Mozart: Bassoon Concerto KV 191

The authoritative edition of Mozart’s bassoon concerto KV 191 is published by Bärenreiter with cadenzas by Jane Gower. One of the most popular performing editions was edited by Walter Guetter and is published by TrevCo. A classic edition is published by Universal, edited with cadenzas by Milan Turkovic. There are many editions and cadenzas available from TrevCo-Varner Music.

For recordings, the classics include Sherman Walt with the Boston Symphony, Klaus Thunemann with the Academy of St. Martin in the Fields, Bernard Garfield with the Philadelphia Orchestra, Willard Elliot with the Chicago Symphony, Maurice Allard with the Mozart Academy Orchestra in Salzburg, and Leonard Sharrow with Toscanini and the NBC Symphony.

Danny Bond’s subtle classical bassoon version with the Academy of Ancient Music is a delight, as is Jane Gower’s elegant performance. Any chance to hear Concertgebouw, especially with the virtuoso Gustavo Núñez is essential. Frank Morelli recorded a crystal clear rendition with the Orpheus Chamber Orchestra. The consummate technique of the young David McGill with the Cleveland Orchestra is not to be missed. And, Dag Jensen is always a pleasure to hear.


Here are some iTunes links:


The Dulcian: precursor to the bassoon

Dulcian Michael Praetorius, Syntagma Musicum: De Organographia, 1618 (Theatrum Instrumentorum, X)

The dulcian was invented during the Renaissance (16th century) and was used through the 17th century. A very good introduction to the dulcian and the history of the precursor to the bassoon can be found here. And, here is a website dedicated to the dulcian.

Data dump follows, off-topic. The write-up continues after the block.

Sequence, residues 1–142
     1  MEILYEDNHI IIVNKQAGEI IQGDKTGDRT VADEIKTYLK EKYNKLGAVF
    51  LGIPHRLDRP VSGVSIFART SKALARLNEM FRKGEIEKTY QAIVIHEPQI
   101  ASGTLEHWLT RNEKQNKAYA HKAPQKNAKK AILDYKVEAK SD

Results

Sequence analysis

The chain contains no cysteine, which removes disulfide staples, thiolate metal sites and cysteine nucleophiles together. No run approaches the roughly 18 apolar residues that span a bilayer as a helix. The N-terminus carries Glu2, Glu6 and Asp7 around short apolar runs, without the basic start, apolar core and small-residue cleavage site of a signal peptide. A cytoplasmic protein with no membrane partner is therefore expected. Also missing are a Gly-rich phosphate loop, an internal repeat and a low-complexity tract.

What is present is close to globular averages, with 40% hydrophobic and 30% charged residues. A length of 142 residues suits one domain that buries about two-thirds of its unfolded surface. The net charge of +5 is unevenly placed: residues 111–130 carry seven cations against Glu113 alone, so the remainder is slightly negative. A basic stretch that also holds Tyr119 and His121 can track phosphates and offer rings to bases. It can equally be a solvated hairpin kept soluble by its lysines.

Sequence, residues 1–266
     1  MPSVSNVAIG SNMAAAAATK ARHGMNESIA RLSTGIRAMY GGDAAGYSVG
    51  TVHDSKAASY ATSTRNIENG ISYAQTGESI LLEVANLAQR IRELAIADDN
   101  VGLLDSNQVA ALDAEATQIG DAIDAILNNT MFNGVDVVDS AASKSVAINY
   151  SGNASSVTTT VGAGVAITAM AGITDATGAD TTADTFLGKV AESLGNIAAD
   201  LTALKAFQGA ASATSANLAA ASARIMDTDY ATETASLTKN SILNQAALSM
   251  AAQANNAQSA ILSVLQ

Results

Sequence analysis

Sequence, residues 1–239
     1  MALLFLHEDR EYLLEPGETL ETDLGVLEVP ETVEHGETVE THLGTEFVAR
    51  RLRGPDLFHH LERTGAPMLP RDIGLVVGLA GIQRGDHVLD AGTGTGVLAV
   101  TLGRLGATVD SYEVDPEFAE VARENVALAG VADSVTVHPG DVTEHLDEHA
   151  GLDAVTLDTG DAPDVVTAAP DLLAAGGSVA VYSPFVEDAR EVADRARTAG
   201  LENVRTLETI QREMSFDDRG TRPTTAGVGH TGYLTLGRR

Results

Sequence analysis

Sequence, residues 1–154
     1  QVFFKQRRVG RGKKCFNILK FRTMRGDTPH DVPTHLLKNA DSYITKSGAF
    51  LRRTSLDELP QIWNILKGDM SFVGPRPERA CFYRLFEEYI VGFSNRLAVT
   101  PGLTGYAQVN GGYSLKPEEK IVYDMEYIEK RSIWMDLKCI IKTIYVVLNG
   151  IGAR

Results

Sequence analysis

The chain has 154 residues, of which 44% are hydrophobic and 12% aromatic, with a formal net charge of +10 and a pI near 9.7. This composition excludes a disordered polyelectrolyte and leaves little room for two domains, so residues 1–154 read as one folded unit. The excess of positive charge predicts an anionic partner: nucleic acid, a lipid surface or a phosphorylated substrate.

Bass_Linz (Bass dulcian, model Linz, by Guntram Wolf)

Carl Almenräder

Carl Almenräder (b Ronsdorf [now Wuppertal], 3 Oct 1786; d Biebrich, 14 Sept 1843) was a German bassoonist, inventor and composer. Largely self-taught, he was a professional bassoonist in Cologne from 1808. After a period with the Frankfurt Nationaltheater (1812–14) he returned to Cologne as bandmaster of the 3rd Prussian Militia, accepting a similar position in Mainz (1816), where he met the learned acoustician and theorist Gottfried Weber. His association with Weber was of the greatest importance to his subsequent career and led him to make fundamental improvements to the bassoon. In 1817 he was able to experiment in the instrument factory of B. Schotts Söhne and first published his findings in a Traité sur le perfectionnement du basson avec deux tableaux (Mainz, c1819–20), with French and German text, describing his improved 15-key bassoon. In 1820, after Weber’s departure from Mainz, Almenräder returned to Cologne where he taught and performed, and also made flutes and clarinets in his own workshop. He gave this up in 1822 to take up a position as first bassoon in the Duke of Nassau’s court orchestra at Biebrich and Wiesbaden. This enabled him to continue his research in Schott’s factory and to superintend the making of bassoons according to his design and Weber’s principles. His successive improvements were fully described by Weber in Caecilia [Mainz], ii (1825), 123–40, and ix (1828), 128–30.